All (repost from 2004)

Jin. All, exhausted, completely, entirely, end. At the bottom of the symbol for all is an elevated dish or vessel. Above it, a hand is shown with a lid to the vessel. Nothing more is to be put in, so the task is complete and at an end.

Always complete your actions.

When you do something, don’t hold back. Shoot it all, go for it all. Don’t wait for “a better time,” because the better times are built on what you do today. Don’t be selfish with your skills, because the skills of tomorrow are built upon the performances of today.

It’s so tempting to say, “I’ll keep it for myself and build it up to something really big later.” Only later never comes. By waiting too long, the end catches up with you. You willl then be covered like the lid in Jin, ans you will never have had a chance to act.

To be with Tao is to live a creative life. To live a creative life always means that you express who you are. And expression is never helped by suppression. Expression always benefits from coming out. Then more inspiration will come from that source.

When you act, act completely. Follow through. Do everything that has to be done. Be like the fire that burns completely clean: only from that pure stage can you then take the next step.

Deng Ming Dao, Everyday Tao

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One of the things that bothers me the most about my husband is he rarely finishes things. He will do about 90% of the task, then leave the rest. Tihs is far better than when I used to call him “Mr. 80 percent” though. (I was a meaner person then). A lot of the time it is not finishing up or cleaning up or putting tools away. The reason it bothers me is because it is one of the things that bothers me most in myself, of course. I remember to finish fully when I’m aware of it, but when I’m tired or not feeling well I tend to just leave things undone.

My dad always talked about what he would do when he retired — build a workshop and do woodworking and such. Except he never got to retire, he died of cancer before ever getting the chance. My mom used to talk about selling the house and living in a small apartment, maybe in Hawaii, but never did. She passed away in the same house, leaving me all the mess of the house and her papers and finances to clean up, and matters unsettled for my disabled sister and nephew. It’s been a year now and I’m still dealing with this mess of her estate. I’ve pretty much vowed not to do this to my own children.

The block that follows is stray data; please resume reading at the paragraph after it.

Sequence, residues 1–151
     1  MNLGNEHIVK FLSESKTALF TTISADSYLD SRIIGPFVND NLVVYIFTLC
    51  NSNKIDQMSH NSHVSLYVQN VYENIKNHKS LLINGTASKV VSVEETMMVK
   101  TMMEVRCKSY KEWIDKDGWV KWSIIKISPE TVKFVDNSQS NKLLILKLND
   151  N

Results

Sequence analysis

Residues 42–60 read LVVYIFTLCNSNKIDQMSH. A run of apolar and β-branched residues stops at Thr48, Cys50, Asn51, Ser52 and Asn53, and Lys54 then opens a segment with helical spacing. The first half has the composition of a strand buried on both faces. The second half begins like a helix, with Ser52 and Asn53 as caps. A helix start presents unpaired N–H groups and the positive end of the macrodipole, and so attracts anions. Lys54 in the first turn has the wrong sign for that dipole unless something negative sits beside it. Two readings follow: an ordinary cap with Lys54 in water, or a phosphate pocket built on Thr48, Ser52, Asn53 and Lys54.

I think it is hard for people to fully finish things or give their all to a task because they figure there will always be time to do things later. “Never enough time to do it right, always time to do it later” seems to be our motto. No wonder we admire fine craftsmanship so much — as long as others do the hard work.

I see this a lot right now in our disposable culture — people get something cheap because if it doesn’t work or breaks, they can always get another one. There isn’t the appreciation of fine work anymore. I recently spent my time to repaint several plastic chairs (yes, you can get paint for plastic) rather than buy new ones, because I wanted a certain color and I wanted to save the faded, scratched chairs. It would have been easy to just buy new chairs, but they wouldn’t have been the color I wanted and it would have been wasteful.

We value stuff over time, then complain because we spend all our time working to get cheap stuff we don’t even appreciate or enjoy. It seems crazy, but that is what Americans value. And then don’t understand when someone doesn’t want to buy into this culture, doesn’t want the bigger house or fancier car, but perhaps a smaller, more personal house and older car. People admire my garden, but don’t want to take the time to create one of their own. Little do they know it hardly takes any time at all, because they simply don’t want to find out. They don’t want to invest in learning what plants work well in their area and then plant those that take little maintenance, They would rather get what looks pretty now, and then complain about maintaining it later.

I spend a lot of time to do the things I do. It’s just that I look at that time as an investment, to make time for myself later to do other things. Not when I retire, or when I’m older, but when I want to do something else. Or, as W. S. Gilbert said, and the quote on my board here reminds me, “I do nothing in particular, but I do it very well!”